9. Dewright Company Example (Cont’d) • Final LP for nonpreemptive goal programming: Min Z = 5 y1- + 2 y2+ + 4 y2- + 3 y3+ subject to 12 x1 + 9 x2 + 15 x3 – (y1+ - y1-) = 125 5 x1 + 3 x2 + 4 x3 – (y2+ - y2- ) = 40 5 x1 + 7 x2 + 8 x3 – (y3+ - y3- ) = 55 xi, yi+, yi- ≥ 0 i=1,2,3 add any other functional constraints too

  10. Dewright Company Example (Cont’d) • Optimal solution: x1 = 25/3 x2 = 0 x3 = 5/3 y1+ = y1- = 0 → y1 = 0 → 1st goal is satisfied y2+ = 25/3, y2-= 0 → y2 = 25/3 → 2nd goal exceeds employment level by 25/3 hundred employees y3+ = y3- = 0 → y3 = 0 → 3rd goal is satisfied

  11. Modified Dewright Company Example - Preemptive Goal Programming

  12. Modified Dewright Company Example -Preemptive Goal Programming (Cont’d) • 1st LP: Min Z = 2M y2+ + 3M y3+ subject to 5 x1 + 3 x2 + 4 x3 – (y2+ - y2- ) = 40 5 x1 + 7 x2 + 8 x3 – (y3+ - y3- ) = 55 xi≥ 0 i=1,2,3, yi+, yi- ≥ 0 i=2,3 There are multiple optimal solutions with y2+ = 0 and y3+ = 0. To get 2nd LP, drop y2+, y3+ forcing those goals to remain satisfied, also add 2nd priority constraints

  13. Modified Dewright Company Example -Preemptive Goal Programming (Cont’d) • 2nd LP: Min Z = 5 y1- + 4 y2- subject to 12 x1 + 9 x2 + 15 x3 – (y1+ - y1-) = 125 5 x1 + 3 x2 + 4 x3 + y2- = 40 5 x1 + 7 x2 + 8 x3 + y3- = 55 xi≥ 0 i=1,2,3, y1+, y1-, y2-, y3- ≥ 0 There is a unique solution: x1 = 5, x2 = 0, x3 = 15/4, y1+ = 0, y1- = 35/4, y2- = 0 and y3- = 0.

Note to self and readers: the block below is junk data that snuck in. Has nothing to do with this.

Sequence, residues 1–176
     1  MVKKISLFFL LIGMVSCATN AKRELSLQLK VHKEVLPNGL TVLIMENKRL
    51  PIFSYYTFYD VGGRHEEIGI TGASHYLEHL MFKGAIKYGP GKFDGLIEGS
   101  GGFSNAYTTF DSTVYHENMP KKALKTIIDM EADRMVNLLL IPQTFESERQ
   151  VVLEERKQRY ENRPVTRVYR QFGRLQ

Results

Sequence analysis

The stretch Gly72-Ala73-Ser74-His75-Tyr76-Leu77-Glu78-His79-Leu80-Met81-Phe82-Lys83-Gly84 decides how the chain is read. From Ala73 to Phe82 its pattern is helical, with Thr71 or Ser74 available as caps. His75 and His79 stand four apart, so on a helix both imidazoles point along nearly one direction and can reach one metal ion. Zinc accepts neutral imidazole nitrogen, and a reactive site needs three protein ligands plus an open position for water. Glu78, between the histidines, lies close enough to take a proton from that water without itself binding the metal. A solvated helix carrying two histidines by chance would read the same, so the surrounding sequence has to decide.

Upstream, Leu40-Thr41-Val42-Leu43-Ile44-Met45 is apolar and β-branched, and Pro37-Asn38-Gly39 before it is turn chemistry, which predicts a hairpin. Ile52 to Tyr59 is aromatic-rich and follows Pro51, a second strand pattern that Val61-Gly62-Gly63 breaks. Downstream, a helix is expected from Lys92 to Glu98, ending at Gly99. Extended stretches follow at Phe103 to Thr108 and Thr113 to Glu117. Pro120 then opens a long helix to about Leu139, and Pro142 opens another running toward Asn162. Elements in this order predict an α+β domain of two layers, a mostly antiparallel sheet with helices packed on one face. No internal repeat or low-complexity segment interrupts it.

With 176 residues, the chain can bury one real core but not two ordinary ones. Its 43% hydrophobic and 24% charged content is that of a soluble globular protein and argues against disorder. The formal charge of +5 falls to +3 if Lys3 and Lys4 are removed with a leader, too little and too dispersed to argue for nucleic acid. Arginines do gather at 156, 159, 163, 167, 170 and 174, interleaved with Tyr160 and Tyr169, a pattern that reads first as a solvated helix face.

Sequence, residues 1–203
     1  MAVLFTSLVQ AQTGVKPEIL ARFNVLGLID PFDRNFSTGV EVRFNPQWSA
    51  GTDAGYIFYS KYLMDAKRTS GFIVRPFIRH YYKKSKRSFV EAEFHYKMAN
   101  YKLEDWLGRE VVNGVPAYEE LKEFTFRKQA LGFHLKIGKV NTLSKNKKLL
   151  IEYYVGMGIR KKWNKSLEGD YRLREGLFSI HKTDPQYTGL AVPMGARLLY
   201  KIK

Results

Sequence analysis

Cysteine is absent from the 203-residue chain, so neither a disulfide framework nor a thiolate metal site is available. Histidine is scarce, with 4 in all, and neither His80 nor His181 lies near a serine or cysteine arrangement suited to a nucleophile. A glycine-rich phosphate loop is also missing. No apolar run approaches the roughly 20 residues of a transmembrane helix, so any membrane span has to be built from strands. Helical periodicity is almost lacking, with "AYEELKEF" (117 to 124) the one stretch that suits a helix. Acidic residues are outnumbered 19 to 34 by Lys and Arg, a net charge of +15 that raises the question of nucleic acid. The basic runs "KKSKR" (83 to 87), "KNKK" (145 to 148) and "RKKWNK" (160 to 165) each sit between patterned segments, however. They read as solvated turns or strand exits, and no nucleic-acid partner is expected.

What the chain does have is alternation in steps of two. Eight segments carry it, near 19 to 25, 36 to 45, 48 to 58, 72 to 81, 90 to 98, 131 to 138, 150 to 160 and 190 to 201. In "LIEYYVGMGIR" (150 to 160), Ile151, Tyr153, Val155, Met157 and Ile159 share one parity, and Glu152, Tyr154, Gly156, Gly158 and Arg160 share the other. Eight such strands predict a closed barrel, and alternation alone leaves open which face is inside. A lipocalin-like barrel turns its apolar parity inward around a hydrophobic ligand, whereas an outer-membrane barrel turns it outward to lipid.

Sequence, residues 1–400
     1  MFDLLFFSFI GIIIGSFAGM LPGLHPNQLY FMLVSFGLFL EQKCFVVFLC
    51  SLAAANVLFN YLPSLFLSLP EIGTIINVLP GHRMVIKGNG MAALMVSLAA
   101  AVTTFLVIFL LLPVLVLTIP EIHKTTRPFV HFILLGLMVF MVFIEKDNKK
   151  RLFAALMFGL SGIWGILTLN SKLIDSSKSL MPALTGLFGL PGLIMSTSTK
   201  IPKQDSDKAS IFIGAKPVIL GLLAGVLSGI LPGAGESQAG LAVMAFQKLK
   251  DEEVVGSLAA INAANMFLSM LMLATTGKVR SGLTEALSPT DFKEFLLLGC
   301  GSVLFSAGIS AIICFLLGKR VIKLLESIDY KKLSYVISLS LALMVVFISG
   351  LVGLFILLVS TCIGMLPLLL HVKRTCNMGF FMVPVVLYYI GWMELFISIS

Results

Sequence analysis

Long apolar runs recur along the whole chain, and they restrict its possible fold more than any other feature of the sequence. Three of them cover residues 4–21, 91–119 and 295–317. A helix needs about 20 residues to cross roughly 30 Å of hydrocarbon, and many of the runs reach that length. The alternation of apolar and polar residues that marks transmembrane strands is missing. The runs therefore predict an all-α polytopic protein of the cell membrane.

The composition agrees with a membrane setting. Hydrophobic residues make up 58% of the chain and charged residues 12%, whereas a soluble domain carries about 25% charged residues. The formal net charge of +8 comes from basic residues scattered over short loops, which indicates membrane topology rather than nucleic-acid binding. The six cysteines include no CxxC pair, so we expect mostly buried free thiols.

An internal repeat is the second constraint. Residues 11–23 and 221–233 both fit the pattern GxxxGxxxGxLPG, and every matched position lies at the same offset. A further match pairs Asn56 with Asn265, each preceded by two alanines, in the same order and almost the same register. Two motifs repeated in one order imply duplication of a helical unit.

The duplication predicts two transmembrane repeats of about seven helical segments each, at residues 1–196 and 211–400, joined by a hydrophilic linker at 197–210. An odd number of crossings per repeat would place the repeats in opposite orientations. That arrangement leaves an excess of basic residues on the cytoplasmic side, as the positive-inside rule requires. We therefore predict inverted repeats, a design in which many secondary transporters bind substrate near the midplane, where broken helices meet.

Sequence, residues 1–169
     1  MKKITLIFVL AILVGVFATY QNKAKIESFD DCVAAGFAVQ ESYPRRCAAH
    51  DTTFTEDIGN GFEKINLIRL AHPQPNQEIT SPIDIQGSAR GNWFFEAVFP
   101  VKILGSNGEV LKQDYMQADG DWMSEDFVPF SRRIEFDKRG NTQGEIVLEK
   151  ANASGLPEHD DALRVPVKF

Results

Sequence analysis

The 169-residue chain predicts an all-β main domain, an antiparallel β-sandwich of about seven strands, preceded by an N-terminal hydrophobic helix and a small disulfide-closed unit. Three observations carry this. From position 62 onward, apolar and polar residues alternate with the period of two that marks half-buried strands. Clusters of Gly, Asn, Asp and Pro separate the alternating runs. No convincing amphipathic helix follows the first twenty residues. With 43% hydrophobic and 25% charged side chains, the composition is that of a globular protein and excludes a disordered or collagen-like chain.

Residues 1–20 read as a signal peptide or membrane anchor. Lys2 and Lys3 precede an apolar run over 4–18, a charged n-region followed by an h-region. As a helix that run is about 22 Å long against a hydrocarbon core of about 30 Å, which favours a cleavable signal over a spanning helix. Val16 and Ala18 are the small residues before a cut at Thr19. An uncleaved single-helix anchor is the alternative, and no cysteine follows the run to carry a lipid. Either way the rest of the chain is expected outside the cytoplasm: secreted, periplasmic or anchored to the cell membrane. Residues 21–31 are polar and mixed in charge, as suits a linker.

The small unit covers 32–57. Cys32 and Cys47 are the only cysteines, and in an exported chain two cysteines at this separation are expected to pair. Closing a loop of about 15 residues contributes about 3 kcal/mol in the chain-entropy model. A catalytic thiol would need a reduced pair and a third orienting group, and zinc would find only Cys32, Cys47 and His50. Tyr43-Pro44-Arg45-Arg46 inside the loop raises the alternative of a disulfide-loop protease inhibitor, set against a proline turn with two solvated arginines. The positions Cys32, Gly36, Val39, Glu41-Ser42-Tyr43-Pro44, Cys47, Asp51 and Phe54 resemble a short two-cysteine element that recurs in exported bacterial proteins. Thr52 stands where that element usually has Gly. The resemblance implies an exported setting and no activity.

14. Dewright Company Example: Compare the two solutions • Solution by nonpreemptive goal programming: (x1, x2, x3 ) = (25/3, 0, 5/3) 12 x1 + 9 x2 + 15 x3 = 125 profit 5 x1 + 3 x2 + 4 x3 = 48.33 employment 5 x1 + 7 x2 + 8 x3 = 55 capital investment • Solution by preemptive goal programming: (x1, x2, x3 ) = (5, 0, 15/4) 12 x1 + 9 x2 + 15 x3 = 116.25 profit 5 x1 + 3 x2 + 4 x3 = 40 employment 5 x1 + 7 x2 + 8 x3 = 55 capital investment

  15. Camyo Manufacturing Example • Camyo Manufacturing produces four parts that require the use of a lathe and a drill press. The two machines operate 10 hours a day. The following table provides the time in minutes required by each part: It is desired to balance the use of the two machines by requiring the difference between their total operation times not to exceed 30 minutes. The market demand limits the number of units produced of each part to at least 10 units. Additionally, the number of units of part 1 may not exceed that of part 2.

  16. Camyo Manufacturing Example (Cont’d) • Decision variables xi = number of parts produced per day of type i, i=1, 2, 3, 4 • Operation time goal: • Difference between the time on machine 1 (lathe) and time on machine 2 (drill press) is not to exceed 30 minutes: |time1 – time2| ≤ 30 -30 ≤ time1 – time2 ≤ 30 time1 = 5 x1 + 6 x2 + 4 x3 + 7 x4 lathe time2 = 3 x1 + 2 x2 + 6 x3 + 4 x4 drill press -30 ≤ (5 x1 + 6 x2 + 4 x3 + 7 x4)– (3 x1 + 2 x2 + 6 x3 + 4 x4) ≤ 30 -30 ≤ 2 x1 + 4 x2 - 2 x3 + 3 x4 ≤ 30

  17. Camyo Manufacturing Example (Cont’d) • Final LP for nonpreemptive goal programming: Min Z = y1+ + y2- subject to 5 x1 + 6 x2 + 4 x3 + 7 x4≤ 600 lathe, 600 min in a day 3 x1 + 2 x2 + 6 x3 + 4 x4≤ 600 drill press, 600 min a day x1≥ 10 x2 ≥ 10 x3 ≥ 10 x4 ≥ 10 x1 - x2 ≤ 0 2 x1 + 4 x2 - 2 x3 + 3 x4– (y1+ - y1-) = 30 time1 - time2 ≤ 30 2 x1 + 4 x2 - 2 x3 + 3 x4– (y2+ - y2-) = -30 time1 - time2 ≥ -30 xi≥ 0, i=1, 2, 3, 4 yi+ ≥ 0, yi- ≥ 0, i=1, 2 demand must exceed 10 units